Aperture synthesis in phase retrieval using a volume-speckle field.
ABSTRACT The resolution of the reconstructed wave by a phase-retrieval method using a volume-speckle field depends on the aperture defined by the size of the CCD array. The use of a larger aperture is introduced by measuring the speckle field at two different positions in the transverse plane and stitching the measurements together. Improvements in the quality of reconstructions are demonstrated experimentally and by computer simulations. Undesirable effects of camera tilt on the quality of reconstructions from synthetic aperture intensity measurements are experimentally observed and corrected.
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ABSTRACT: An innovative setup for the speckle-based phase retrieval method is proposed. In the conventional setup, a plane wave illuminates the test object and the transmitted wavefront is incident on a diffuser aperture generating a speckle field. The sampled speckle intensities at axially displaced planes are input into a phase retrieval algorithm based on a wave propagation equation. In the new setup, the arrangement of the diffuser and the object is reversed. A plane wave incident on the diffuser generates a speckle field which, in turn, is used to illuminate the object. The transmitted wavefront is then directed to the camera sensor. The advantage of the proposed setup is the increased resolution since the limiting aperture is the full area of the sensor.Journal of The European Optical Society-rapid Publications - J EUR OPT SOC-RAPID PUBL. 01/2009;
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ABSTRACT: We demonstrate the effectiveness of the nonlocal means (NLM) filter for speckle denoising in digital holography. The speckle noise adapted version of the NLM filter is compared with other common speckle denoising filters and is found to give better visual and quantitative results.Applied Optics 01/2013; 52(1):A195-200. · 1.69 Impact Factor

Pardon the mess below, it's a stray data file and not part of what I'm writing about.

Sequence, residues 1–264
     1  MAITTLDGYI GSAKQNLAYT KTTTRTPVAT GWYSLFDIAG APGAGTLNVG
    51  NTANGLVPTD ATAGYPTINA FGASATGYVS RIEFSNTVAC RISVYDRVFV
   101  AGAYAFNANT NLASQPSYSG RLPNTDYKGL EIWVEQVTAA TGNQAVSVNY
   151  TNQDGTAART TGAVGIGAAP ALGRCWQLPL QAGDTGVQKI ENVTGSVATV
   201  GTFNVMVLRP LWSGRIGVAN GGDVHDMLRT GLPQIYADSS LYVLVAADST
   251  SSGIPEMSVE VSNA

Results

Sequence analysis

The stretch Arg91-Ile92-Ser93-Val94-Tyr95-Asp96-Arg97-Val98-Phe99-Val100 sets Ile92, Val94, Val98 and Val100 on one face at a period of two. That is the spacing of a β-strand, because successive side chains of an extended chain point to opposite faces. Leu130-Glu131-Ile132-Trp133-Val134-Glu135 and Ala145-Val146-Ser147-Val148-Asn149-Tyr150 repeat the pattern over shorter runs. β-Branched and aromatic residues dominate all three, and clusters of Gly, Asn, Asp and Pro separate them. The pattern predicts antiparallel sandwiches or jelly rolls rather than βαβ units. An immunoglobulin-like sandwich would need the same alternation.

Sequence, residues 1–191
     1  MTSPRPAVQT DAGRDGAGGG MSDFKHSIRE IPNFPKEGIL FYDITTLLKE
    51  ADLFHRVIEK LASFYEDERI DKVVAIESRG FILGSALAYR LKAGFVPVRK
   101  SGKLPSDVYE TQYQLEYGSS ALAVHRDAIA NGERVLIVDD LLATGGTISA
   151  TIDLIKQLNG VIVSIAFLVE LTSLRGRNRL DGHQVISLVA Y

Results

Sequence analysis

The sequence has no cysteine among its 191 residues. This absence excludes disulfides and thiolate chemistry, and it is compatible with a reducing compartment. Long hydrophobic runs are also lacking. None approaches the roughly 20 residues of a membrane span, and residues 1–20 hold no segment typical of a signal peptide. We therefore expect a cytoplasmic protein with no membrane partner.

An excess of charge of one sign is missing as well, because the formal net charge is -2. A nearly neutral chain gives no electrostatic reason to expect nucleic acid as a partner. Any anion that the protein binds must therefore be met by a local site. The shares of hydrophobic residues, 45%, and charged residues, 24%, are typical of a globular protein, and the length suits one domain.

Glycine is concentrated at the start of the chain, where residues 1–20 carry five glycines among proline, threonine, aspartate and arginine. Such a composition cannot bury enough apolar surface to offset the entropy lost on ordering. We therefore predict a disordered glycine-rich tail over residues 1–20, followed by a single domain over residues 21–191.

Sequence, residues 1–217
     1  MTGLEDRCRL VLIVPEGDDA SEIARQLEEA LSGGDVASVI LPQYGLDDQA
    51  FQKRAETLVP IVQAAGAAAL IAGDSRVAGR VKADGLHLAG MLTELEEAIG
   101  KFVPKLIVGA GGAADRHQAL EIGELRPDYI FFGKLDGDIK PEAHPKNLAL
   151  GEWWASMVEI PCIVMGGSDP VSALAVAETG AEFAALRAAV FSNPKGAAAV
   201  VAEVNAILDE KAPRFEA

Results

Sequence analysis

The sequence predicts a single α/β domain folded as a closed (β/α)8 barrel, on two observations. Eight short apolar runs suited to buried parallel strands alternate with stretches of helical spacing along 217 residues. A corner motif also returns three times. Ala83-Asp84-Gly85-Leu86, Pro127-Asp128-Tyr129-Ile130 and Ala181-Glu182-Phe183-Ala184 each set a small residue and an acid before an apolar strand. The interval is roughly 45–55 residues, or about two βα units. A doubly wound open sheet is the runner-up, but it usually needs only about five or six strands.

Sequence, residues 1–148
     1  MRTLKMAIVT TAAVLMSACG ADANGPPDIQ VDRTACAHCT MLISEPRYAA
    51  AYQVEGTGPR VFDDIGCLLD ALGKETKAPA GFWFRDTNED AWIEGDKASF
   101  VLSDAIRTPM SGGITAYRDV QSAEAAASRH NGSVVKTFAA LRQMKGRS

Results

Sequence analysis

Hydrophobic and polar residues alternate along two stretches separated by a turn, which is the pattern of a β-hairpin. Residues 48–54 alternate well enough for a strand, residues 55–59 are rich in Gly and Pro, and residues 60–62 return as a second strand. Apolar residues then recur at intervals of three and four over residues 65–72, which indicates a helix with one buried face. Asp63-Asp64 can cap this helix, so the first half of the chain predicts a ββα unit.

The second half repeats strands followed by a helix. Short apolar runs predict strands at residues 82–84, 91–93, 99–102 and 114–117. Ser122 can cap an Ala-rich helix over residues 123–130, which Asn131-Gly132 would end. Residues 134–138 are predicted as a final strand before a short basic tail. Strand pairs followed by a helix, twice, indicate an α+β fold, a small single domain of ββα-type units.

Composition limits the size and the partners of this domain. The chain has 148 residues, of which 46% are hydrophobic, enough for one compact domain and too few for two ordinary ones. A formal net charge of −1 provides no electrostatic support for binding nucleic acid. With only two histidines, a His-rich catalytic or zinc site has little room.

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ABSTRACT: Recently proposed lensless object scanning holography (LOSH) [Opt. Express20, 9382 (2012)] is a fully lensless method capable of improving the image quality in digital Fourier holography applied to one-dimensional (1D) reflective objects and it involves a very simplified experimental setup. LOSH is based on the recording and digital postprocessing of a set of digital lensless Fourier transform holograms, which finally results in a synthetic image with improved resolution, field-of-view (FOV), signal-to-noise ratio (SNR), and depth of field. In this paper, LOSH is extended to the cases of two-dimensional (2D) mirror-like and 1D diffuse-based objects. For 2D mirror-like objects, the experimental results show an impressive image quality improvement over a factor of 3 in FOV, SNR, and resolution, as good as that obtained for the 1D case but in two dimensions. For 1D diffuse-based objects, in general the speckle affects the image resolution, which will not be only a function of the aperture size. In this case, increasing the aperture produces a decrease of the speckle size. Moreover, due to the overlapping of speckles between successive images, different types of digital processing can be applied to obtain the final synthetic image: fully incoherent, fully coherent, and partially coherent. The last, arising from the incoherent sum of several independent sets of coherently added images, provides the best improvement in the resolution. Experimental results for both types of objects are presented.Applied Optics 09/2013; 52(25):6390-6400. · 1.69 Impact Factor